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Ghitu Lavarunner is a lot better than it looks. While it isn't a Goblin Guide on Turn 1, it's pretty easy for our deck to have two spells in the graveyard by Turn 2 or 3, turning future copies into hasty 2/2s for the rest of the game. Plus, as a Wizard, it benefits from Adeliz, the Cinder Wind and becomes a pretty reasonable threat in the mid-game, often attacking as a 3/3 or 4/4. Basically, our deck really wanted another budget-friendly Wizard one-drop, and Ghitu Lavarunner—while perhaps the least powerful creature in the deck—fits the bill. 

Meanwhile, Sage of Epityr looks pretty strange, being much less aggressive than the rest of the Wizards in our deck, but it does have one very specific purpose: allowing us to stack the top four cards of our deck in any order we choose. Why would we want to stack the top of our deck? To answer this question, we need to look at our burn spells.

The Burn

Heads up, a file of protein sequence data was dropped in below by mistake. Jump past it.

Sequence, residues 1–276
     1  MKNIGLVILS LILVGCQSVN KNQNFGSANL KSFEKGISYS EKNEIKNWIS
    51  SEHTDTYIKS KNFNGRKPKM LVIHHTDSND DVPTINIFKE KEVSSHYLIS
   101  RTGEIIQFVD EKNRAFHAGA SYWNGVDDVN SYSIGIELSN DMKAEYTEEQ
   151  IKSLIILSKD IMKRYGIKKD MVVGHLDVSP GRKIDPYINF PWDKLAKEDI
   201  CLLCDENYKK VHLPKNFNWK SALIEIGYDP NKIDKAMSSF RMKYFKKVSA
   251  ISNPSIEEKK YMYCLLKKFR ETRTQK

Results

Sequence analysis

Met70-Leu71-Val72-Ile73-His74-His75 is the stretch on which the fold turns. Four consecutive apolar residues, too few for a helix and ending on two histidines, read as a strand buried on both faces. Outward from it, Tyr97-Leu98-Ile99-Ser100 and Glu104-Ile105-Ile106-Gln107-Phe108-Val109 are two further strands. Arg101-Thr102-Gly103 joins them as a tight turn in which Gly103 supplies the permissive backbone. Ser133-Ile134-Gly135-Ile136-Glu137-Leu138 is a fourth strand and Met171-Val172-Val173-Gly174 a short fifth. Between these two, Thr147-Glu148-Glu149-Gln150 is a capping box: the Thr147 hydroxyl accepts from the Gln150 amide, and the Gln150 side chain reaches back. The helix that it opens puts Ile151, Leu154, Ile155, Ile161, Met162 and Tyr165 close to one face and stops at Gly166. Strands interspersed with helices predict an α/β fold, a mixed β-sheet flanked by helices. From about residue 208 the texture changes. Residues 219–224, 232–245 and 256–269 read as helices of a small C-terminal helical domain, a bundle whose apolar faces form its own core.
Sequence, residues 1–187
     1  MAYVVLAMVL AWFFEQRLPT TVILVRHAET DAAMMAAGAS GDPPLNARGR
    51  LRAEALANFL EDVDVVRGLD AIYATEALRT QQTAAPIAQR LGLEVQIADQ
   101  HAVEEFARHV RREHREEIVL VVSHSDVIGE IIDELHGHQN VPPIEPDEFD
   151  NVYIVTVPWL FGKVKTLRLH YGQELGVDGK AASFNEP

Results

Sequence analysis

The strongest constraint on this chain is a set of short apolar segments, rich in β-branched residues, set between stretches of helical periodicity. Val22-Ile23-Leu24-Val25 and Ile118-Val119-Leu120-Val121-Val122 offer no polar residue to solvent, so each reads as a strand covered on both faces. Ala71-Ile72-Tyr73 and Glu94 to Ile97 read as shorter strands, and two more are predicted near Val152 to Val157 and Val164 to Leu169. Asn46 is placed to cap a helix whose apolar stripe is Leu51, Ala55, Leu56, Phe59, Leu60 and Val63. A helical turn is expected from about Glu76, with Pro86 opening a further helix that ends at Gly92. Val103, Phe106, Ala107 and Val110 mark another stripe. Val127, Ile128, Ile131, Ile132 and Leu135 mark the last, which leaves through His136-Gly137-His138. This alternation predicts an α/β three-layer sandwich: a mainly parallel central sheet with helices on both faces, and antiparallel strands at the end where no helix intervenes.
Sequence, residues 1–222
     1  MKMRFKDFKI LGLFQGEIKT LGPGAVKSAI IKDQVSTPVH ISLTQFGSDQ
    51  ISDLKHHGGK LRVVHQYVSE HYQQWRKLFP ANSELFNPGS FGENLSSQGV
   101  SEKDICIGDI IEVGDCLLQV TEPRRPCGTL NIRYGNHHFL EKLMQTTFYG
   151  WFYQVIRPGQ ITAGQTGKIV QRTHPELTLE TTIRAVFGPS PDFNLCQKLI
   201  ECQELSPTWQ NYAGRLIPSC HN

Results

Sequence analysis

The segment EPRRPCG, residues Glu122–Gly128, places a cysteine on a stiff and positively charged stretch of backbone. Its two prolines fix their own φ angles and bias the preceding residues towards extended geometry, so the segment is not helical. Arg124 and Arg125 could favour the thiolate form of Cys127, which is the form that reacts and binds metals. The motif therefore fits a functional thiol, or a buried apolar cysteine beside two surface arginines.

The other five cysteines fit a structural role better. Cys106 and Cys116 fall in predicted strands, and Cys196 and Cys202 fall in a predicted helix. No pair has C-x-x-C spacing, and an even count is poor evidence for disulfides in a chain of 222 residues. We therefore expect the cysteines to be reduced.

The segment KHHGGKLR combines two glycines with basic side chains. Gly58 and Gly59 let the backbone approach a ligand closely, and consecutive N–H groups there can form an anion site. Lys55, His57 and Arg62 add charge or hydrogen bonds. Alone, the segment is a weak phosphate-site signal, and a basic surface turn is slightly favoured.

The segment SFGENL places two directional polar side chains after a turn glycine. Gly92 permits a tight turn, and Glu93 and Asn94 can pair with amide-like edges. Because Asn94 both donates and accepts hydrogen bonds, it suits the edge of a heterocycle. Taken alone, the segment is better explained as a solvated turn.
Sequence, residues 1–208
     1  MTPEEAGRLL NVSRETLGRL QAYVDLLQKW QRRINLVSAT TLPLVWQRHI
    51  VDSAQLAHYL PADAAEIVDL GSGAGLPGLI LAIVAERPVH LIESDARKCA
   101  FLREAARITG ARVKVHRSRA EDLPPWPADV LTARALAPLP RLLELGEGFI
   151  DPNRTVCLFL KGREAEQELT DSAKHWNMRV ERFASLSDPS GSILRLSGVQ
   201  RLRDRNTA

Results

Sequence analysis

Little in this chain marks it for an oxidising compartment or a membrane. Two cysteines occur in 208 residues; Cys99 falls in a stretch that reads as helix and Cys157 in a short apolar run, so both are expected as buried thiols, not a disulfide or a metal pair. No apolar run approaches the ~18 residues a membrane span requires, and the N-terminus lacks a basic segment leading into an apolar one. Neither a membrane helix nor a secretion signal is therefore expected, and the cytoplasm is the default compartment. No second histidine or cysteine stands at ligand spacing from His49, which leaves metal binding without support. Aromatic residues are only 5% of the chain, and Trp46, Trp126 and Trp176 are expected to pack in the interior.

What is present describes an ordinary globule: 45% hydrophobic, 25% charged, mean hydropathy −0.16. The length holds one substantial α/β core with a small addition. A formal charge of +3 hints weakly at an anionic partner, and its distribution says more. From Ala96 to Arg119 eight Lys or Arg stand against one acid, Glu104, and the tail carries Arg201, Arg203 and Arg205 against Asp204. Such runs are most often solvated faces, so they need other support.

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Thunderous Wrath is among the most powerful burn spells ever printed, if you can cast it for the miracle cost. Five damage to any target for just a single mana is just an absurd rate, making Lightning Bolt look like draft filler. Of course, if we aren't miracling it, Thunderous Wrath costs a massive six mana, which is a lot for Modern in general and even more for a 19-land deck. Sage of Epityr is key to making sure that we can not just miracle Thunderous Wrath consistently but that we can miracle it on the best turn possible, preferably when we have a bunch of prowess Wizards on the battlefield. Apart from being powerful in general and triggering prowess, Thunderous Wrath is an amazing way to jank out games. Modern players often try to stay above three life to not die to Lightning Bolt, but nobody plays around five damage to the face from Thunderous Wrath!